If there is still debris, repeat the process with more salt and oil until the surface is clean.
When you’re happy with the pan and everything is rinsed off, you can start to dry it.
Use paper towels to thoroughly dry all of the surfaces. You can also use a clean kitchen towel if you don’t have paper towels available.
At this point, your cast iron grill pan will be clean, but you’re not quite finished yet. S
easoning is the final step that will protect the pan from rust while creating a naturally nonstick surface.
Seasoning Your Cast Iron Grill Pan
Seasoning is the key step in preserving a cast iron grill pan for a lifetime.
You can complete this process in your kitchen using your oven, or in your grill with the hood down.
Before you start, make sure that you have:
- Vegetable oil.
- A clean dishcloth or paper towels.
Step 1: Preheating Your Oven or Grill and Preparing the Pan
Turn on your oven and grill and preheat it to 350 degrees F.
While it’s heating up, use your paper towels or a clean dishcloth to coat the grill with vegetable oil on all surfaces.
The pan shouldn’t be dripping with oil, but there should be enough that every surface has a slight sheen and feels greasy to the touch.
Step 2: Bake the Grill Pan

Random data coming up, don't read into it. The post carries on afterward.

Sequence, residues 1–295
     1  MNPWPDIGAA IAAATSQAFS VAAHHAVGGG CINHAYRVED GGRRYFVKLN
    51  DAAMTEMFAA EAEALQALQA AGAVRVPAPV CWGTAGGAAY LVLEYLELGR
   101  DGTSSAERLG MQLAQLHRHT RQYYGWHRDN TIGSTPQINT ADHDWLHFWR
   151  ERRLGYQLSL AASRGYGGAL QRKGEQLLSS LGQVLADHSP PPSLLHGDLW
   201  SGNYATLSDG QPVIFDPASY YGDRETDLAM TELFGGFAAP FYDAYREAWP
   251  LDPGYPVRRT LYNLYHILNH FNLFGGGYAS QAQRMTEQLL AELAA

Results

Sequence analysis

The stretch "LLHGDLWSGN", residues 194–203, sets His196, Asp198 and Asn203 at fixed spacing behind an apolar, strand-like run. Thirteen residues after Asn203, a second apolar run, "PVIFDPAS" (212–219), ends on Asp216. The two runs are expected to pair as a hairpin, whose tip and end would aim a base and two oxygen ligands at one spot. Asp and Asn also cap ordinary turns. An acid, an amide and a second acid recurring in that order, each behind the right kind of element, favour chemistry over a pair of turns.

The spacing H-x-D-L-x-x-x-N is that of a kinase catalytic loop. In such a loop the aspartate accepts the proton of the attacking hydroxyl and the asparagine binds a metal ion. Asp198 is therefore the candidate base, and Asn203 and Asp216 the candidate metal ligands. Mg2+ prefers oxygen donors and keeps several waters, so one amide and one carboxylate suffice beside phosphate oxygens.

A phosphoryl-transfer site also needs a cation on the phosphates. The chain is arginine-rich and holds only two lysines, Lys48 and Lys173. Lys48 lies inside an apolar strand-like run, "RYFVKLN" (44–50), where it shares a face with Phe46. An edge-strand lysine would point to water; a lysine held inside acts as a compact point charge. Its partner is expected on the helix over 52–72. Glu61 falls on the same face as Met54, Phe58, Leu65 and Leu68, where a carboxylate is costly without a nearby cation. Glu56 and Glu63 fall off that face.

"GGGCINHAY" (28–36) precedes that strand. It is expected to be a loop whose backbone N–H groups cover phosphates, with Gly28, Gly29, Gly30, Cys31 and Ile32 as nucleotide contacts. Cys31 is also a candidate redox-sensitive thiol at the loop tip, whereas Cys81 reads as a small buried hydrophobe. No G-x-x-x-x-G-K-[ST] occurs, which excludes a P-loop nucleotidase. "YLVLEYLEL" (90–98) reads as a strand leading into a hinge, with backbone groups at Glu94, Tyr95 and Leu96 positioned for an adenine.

Put the cast iron pan in the oven facing down. This will stop oil from accumulating inside.
If you’re doing this outdoors, put the grill face down on the grilling surface, away from the direct heat of the burner.
It can take up to an hour to bake and season a pan in an oven or grill, although depending on its size and the heat of the grill, the process could take as little as 45 minutes.
Continually check the pan for any smoke.
If the oil starts to smoke, it’s time to roll off the heat and let the pan cool.
Burning it too long will remove the oil and you’ll have to start again.
Note that the cast iron handle and the pan will become extremely hot during this process.
Use an oven mitt when removing the pan, even if you’ve allowed plenty of time to cool.
Your pan is now ready to be used for cooking. Clean and season the pan every three months if you’re using it regularly, or any time that debris starts to build up.
Caring for Your Cast Iron Pan is Easy When You Know What to Do
With these steps, you can enjoy using your cast iron grill pan for a lifetime.
Whether you’re frying eggs and vegetables, steak, or any of your other favorite ingredients, a cast iron pan will perform better than any modern nonstick option.